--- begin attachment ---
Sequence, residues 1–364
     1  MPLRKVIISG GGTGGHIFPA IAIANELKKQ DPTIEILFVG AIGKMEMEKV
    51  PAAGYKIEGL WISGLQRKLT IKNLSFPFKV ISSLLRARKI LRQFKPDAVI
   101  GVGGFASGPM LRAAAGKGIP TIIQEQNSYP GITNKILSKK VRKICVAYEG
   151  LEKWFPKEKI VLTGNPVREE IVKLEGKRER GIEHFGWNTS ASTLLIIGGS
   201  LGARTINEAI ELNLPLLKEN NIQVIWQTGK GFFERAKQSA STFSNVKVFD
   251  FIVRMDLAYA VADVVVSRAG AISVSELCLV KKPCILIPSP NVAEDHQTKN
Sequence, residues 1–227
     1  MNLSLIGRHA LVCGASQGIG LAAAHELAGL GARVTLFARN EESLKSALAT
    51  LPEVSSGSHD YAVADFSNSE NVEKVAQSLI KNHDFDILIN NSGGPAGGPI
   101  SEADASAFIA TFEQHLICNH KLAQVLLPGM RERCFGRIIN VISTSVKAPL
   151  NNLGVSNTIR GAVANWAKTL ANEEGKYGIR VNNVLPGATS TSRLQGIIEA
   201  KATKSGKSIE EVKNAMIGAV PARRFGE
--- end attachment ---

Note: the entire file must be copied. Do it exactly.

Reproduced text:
Sequence, residues 1–364
     1  MPLRKVIISG GGTGGHIFPA IAIANELKKQ DPTIEILFVG AIGKMEMEKV
    51  PAAGYKIEGL WISGLQRKLT IKNLSFPFKV ISSLLRARKI LRQFKPDAVI
   101  GVGGFASGPM LRAAAGKGIP TIIQEQNSYP GITNKILSKK VRKICVAYEG
   151  LEKWFPKEKI VLTGNPVREE IVKLEGKRER GIEHFGWNTS ASTLLIIGGS
   201  LGARTINEAI ELNLPLLKEN NIQVIWQTGK GFFERAKQSA STFSNVKVFD
   251  FIVRMDLAYA VADVVVSRAG AISVSELCLV KKPCILIPSP NVAEDHQTKN
Sequence, residues 1–227
     1  MNLSLIGRHA LVCGASQGIG LAAAHELAGL GARVTLFARN EESLKSALAT
    51  LPEVSSGSHD YAVADFSNSE NVEKVAQSLI KNHDFDILIN NSGGPAGGPI
   101  SEADASAFIA TFEQHLICNH KLAQVLLPGM RERCFGRIIN VISTSVKAPL
   151  NNLGVSNTIR GAVANWAKTL ANEEGKYGIR VNNVLPGATS TSRLQGIIEA
   201  KATKSGKSIE EVKNAMIGAV PARRFGE